It was before the children, before the mortgage, before the mornings he’d wake up with the niggling feeling that he’d missed out on something important.
They ate a French restaurant on Upper Street, two – sometimes three – times a month, because babysitting wasn’t a word they used then; because money was something to spend, then.
She always ordered the courgette flowers, and they always laughed at the surprise of summer-yellow petals curled inside the grease-slicked batter.
There was a time – only six months or so – when they slept in separate countries. He ate there alone, but only the once.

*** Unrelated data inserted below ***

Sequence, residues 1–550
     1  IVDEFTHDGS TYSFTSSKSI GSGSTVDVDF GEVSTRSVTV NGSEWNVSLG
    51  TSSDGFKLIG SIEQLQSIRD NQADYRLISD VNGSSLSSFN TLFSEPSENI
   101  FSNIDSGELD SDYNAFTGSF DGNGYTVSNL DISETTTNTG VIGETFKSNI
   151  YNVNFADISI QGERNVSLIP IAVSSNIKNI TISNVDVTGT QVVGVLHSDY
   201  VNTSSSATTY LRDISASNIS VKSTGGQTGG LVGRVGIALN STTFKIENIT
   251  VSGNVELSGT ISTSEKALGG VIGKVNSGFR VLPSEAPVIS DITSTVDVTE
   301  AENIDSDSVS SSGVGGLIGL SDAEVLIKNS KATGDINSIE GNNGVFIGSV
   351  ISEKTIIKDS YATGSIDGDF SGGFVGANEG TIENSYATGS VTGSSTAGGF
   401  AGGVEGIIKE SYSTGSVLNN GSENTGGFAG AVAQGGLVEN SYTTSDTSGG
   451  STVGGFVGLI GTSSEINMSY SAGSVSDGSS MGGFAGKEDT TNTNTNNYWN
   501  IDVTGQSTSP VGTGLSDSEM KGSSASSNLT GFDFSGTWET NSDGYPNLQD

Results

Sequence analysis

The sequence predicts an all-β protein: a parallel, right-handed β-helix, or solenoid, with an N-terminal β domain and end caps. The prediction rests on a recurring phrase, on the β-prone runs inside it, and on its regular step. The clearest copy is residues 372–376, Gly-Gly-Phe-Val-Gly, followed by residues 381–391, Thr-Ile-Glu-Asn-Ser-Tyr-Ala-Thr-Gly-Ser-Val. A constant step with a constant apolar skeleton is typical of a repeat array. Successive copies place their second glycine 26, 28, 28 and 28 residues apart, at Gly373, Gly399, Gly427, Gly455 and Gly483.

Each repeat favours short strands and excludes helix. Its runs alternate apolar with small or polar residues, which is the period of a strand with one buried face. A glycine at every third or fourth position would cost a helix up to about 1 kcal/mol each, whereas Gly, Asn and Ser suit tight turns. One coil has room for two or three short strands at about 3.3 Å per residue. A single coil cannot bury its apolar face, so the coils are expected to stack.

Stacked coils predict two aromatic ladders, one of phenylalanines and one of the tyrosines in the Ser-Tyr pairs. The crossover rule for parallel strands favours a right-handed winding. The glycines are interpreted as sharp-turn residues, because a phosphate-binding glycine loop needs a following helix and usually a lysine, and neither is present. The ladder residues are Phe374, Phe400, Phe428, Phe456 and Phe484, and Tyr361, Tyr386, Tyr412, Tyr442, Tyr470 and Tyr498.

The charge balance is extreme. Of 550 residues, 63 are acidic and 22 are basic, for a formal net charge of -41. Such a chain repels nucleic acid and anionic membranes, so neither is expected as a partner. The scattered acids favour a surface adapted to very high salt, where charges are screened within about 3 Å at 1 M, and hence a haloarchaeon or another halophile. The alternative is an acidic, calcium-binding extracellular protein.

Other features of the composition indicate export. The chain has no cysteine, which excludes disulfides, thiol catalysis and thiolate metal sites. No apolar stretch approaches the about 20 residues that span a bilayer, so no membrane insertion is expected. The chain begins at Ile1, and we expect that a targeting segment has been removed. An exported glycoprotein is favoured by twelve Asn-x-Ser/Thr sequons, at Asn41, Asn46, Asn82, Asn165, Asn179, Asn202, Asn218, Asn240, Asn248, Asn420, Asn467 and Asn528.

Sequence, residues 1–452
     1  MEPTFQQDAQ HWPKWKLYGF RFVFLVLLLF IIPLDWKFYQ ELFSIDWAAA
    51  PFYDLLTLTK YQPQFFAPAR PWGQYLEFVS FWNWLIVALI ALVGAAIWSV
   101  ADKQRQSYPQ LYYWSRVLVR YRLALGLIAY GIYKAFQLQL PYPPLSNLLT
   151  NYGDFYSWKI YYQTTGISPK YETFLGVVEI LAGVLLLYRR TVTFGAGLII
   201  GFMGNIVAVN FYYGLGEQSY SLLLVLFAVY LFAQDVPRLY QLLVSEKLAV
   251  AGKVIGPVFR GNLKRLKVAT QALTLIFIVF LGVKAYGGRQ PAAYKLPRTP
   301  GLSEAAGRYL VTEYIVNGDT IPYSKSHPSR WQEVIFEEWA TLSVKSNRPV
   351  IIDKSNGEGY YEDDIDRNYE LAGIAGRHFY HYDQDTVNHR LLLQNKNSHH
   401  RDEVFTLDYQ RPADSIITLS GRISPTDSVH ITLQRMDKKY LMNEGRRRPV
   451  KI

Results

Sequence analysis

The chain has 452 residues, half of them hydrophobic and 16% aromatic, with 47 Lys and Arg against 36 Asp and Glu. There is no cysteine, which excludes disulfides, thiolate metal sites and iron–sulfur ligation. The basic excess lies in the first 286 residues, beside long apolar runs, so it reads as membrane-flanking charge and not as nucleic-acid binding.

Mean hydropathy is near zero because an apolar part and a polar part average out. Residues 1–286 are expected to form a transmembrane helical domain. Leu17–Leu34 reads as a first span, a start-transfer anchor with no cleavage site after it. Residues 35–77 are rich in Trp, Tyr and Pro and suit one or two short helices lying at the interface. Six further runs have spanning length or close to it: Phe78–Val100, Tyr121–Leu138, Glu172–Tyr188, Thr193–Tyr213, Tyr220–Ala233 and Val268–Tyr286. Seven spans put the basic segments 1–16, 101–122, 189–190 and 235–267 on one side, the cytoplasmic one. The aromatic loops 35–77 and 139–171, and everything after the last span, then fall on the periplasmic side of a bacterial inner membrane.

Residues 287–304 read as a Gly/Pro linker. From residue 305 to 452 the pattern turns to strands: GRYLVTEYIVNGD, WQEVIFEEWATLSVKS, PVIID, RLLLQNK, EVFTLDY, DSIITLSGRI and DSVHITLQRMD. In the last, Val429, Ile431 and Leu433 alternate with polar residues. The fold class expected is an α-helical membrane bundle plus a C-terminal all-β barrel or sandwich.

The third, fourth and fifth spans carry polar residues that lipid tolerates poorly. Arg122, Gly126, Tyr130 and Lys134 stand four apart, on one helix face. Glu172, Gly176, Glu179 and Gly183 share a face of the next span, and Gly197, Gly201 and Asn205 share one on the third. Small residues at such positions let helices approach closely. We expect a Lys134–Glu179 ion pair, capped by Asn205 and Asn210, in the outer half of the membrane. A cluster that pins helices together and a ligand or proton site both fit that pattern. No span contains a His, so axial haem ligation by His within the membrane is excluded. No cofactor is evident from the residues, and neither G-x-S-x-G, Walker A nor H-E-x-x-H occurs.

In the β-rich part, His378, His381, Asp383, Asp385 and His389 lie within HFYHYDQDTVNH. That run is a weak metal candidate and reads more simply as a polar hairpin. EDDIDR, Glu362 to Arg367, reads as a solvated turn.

Gradually, the restaurant disappeared. The waitress who sang under her breath was replaced by a man with a missing front tooth. The silent, grey-haired owner sold out to a young couple. The rickety wooden tables were replaced with even more rickety metal ones. And eventually, inevitably, courgette flowers were dropped from the menu.
They live in a three-bedroom house now, with a narrow stretch of garden at the back – three courgette plants amongst a tumble of beans and tomatoes. Every year they talk about dunking the courgette flowers into batter and frying them in olive oil. It would never be as good though, would it, he says and she always nods and smiles, ands says no, she supposes it wouldn’t.
Inspired by conversations at Frances Thorburn’s Mobile Picnic Pavillion outside Islington Town Hall on Thursday 29th July 2010.